Yet another technique for coupling an elliptical core fiber 40 to the standard single-mode fiber 45 is illustrated in FIG. 5. The elliptical core fiber, which is circular in cross-section, includes elliptically-shaped core 41 and cladding 42. The output end 43 of the elliptical core fiber is heated and flattened to cause cladding 42' to assume an elliptical cross-section and to cause the core 41' to become substantially circular in cross-section (see FIG. 6). Since it has a circular core, output end 43 can be connected end-to-end to standard single-mode fiber 45 by aligning their cores and fusing the fibers together or mechanically securing the fibers in the aligned position.
The aforementioned methods for coupling the elliptical fiber to the circularly symmetric fiber are capable of negligible loss, thereby preserving the high coupling efficiency of the elliptical core fiber to the laser diode.
The following theoretical example illustrates the improvement obtained by employing the fiber of the present invention to couple to a laser diode rather than a circularly symmetrical fiber, both fibers having conical lenses on their input ends. One commercially available laser diode has a mode radius in the parallel and perpendicular planes of 2.45 μm and 0.71 μm respectively. The core size of a commercially available step index elliptical core fiber was found to be 3.2 μm and 1.2 μm along the fibers' major and minor axes, respectively, and the core/clad Δ was 1.2%. The coupling efficiency between the laser diode and this elliptical mode field fiber was calculated to be 83%. The coupling efficiency would be even higher if the mode field of the elliptical core fiber had a higher aspect ratio. It is noted that the efficiency would typically drop by about 2 to 5% due to the coupler.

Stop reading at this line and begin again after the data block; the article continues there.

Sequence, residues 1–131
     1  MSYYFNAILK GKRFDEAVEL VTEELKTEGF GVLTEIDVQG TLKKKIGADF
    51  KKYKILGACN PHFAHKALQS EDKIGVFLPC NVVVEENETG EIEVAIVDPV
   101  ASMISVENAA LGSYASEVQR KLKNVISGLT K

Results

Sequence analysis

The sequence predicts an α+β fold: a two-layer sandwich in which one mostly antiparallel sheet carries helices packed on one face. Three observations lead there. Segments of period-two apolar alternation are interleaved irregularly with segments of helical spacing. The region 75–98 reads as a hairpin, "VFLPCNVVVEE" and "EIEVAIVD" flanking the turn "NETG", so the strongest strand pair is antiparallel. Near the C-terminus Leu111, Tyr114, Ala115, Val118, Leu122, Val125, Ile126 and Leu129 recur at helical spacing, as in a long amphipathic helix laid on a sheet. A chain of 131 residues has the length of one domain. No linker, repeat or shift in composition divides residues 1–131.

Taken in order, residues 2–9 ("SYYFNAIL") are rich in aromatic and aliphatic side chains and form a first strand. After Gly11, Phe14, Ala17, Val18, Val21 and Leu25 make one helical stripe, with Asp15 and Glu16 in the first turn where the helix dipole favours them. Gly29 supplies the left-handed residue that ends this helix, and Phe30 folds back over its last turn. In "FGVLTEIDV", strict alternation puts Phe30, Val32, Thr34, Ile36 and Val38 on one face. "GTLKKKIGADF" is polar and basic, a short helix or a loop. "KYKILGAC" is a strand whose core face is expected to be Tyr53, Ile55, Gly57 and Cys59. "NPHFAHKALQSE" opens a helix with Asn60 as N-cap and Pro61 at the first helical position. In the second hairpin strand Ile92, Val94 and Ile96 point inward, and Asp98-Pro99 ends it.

A small mode field diameter fiber is often used to couple laser diodes to fiber lasers. One such coupling fiber, which is circularly symmetrical, has a core diameter of 4 μm, a core/clad Δ of 1%, and a mode field of 4 μm. Calculations have shown that the theoretical coupling efficiency from the laser diode to this circular core fiber is 69%, a significantly lower coupling efficiency than with the elliptical core fiber.
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|U.S. Classification||385/28, 385/31, 385/43, 385/30, 385/33, 385/42|
|International Classification||G02B6/14, G02B6/42, G02B6/255, G02B6/28|
|Cooperative Classification||G02B6/4202, G02B6/14, G02B6/2551, G02B6/2835|
|European Classification||G02B6/14, G02B6/255B, G02B6/42C2, G02B6/28B6H|
|Nov 8, 1993||AS||Assignment|
Owner name: CORNING INCORPORATED, NEW YORK
Free format text: ASSIGNMENT OF ASSIGNORS INTEREST;ASSIGNORS:MILLER, WILLIAM J.;MODAVIS, ROBERT A.;WEBB, THOMAS W.;REEL/FRAME:006774/0421
Effective date: 19931029